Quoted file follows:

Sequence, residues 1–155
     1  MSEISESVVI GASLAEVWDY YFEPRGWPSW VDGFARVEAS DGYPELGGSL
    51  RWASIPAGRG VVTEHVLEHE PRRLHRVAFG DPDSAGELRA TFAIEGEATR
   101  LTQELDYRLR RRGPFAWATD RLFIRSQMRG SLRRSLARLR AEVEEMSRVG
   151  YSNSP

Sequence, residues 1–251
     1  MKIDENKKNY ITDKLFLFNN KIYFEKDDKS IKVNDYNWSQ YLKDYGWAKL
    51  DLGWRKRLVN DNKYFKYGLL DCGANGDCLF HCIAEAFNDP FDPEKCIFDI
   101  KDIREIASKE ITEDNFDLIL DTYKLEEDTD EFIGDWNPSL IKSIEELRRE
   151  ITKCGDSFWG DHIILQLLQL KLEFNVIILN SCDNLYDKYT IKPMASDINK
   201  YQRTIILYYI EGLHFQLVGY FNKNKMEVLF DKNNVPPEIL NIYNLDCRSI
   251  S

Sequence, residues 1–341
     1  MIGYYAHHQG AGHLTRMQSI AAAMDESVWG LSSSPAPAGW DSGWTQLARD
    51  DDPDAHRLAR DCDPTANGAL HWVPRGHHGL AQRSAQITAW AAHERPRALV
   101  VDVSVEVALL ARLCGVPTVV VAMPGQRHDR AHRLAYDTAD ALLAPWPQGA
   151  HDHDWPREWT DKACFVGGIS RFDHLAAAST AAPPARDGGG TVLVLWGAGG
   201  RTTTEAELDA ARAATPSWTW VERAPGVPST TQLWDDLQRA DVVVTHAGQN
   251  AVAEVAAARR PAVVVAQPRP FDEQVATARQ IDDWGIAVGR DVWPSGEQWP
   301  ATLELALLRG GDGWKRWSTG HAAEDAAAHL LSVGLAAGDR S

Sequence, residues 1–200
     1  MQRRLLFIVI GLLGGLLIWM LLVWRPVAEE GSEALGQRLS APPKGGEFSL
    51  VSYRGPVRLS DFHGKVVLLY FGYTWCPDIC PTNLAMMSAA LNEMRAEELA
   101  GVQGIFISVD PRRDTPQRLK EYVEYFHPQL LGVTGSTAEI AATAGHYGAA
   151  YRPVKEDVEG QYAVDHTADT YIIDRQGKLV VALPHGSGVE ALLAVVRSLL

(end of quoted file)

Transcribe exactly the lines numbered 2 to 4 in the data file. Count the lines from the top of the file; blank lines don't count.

     1  MSEISESVVI GASLAEVWDY YFEPRGWPSW VDGFARVEAS DGYPELGGSL
    51  RWASIPAGRG VVTEHVLEHE PRRLHRVAFG DPDSAGELRA TFAIEGEATR
   101  LTQELDYRLR RRGPFAWATD RLFIRSQMRG SLRRSLARLR AEVEEMSRVG